I have been experiencing some challenges communicating with a close friend recently. Challenges which arise from the crossing of personal boundaries. Boundary setting is not something I am strong at unfortunately; I have worked hard in recent years to learn to vocalize and protect my own boundaries because I’m a people pleaser and I hate letting anyone down. But I do understand the importance of boundaries to protect my own wellbeing, and have come to realize no one will automatically recognize or respect my boundaries, rather it is up to me to assert them. Ouch.
My recent issue stems from my friend and I speaking two different emotional languages. Where I am very comfortable discussing, exploring, and dealing with emotions, they are not. They are extremely intelligent though, and comfortable in physical territory (which is something I quite frankly suck at) and because my boundary is emotionally-based and somewhat abstract, we have been continually butting heads over the same thing. This came to a critical point recently which I have been feeling really frustrated and sad about – no doubt they are frustrated too.
So I have been considering how to tackle this and what my own role in the situation is. In my professional life I work in Communications. How to convey a difficult or challenging message is something I deal with every day, so I decided to put my work hat on to analyse my current circumstances. Straight away I realized that I have failed to land the message in a way that resonates with them. I’m still speaking my own emotional language and feeling put out that they don’t understand. But thinking about it, if someone talked to me about the finer points of cricket (which has actually happened because that’s the life I lead) I would struggle to absorb what they were saying. The other thing that dawned on me is that when we are learning a new skill we have to do it in small bite-sized chunks. If someone asked me to do a 5k run I’d laugh in their face, but I might attempt a 10 minute jog. So now I have to work out how to communicate my boundaries in their language in an easier to absorb way.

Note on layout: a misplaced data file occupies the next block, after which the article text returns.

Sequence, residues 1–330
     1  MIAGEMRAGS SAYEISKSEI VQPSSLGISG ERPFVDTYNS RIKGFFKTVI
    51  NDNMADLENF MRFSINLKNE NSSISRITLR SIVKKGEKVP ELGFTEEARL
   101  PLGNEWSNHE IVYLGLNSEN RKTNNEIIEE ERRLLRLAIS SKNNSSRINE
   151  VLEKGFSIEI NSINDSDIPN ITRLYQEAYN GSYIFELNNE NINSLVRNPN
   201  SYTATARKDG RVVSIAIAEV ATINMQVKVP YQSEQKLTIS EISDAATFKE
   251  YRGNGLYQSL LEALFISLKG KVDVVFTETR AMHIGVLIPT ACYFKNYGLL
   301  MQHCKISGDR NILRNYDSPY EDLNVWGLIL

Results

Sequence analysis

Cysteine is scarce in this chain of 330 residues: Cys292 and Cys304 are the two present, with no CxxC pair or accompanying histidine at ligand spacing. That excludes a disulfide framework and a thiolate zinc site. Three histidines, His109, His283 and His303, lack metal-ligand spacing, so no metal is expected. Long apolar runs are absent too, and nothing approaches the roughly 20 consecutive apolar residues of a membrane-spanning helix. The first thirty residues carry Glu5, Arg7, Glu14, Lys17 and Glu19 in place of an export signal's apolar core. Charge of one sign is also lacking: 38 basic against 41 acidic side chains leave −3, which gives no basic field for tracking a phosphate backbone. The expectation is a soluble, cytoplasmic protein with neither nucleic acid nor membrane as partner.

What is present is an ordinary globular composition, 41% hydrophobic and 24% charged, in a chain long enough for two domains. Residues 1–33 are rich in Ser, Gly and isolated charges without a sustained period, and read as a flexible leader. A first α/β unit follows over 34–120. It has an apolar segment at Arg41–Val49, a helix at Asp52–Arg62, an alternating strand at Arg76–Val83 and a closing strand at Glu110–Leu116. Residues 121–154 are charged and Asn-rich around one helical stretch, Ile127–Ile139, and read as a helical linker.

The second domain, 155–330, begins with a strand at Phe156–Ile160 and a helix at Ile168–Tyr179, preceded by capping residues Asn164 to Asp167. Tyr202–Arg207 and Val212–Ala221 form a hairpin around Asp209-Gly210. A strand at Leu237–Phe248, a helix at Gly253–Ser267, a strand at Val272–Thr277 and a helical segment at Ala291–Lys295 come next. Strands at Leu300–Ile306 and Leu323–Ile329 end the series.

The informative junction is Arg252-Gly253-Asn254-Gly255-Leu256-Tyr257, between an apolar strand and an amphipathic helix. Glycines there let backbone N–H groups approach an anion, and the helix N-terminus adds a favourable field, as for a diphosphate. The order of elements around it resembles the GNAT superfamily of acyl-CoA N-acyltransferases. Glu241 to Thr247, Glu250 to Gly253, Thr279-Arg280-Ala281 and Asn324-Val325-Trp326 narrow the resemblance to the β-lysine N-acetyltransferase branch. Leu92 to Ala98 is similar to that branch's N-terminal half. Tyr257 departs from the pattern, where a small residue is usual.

My mind instantly went to the Consent and Tea video. This was a clever idea because, though to many people the concept of consent seems obvious and absolute, it isn’t obvious to everybody and does involve an element of emotional judgement. The issue of consent has some very clear areas and some greyer areas. If someone explicitly says no consent is denied, if they say yes consent is given. Easy! Er no actually. The video takes that middle ground and makes it practical. What if consent is not clearly expressed in either direction? What if consent is only implied? What if someone says yes, but really they mean no or vice versa? What the video does is take the issue out of the abstract moral space, and make it practical where it suddenly becomes much clearer where the boundaries lie.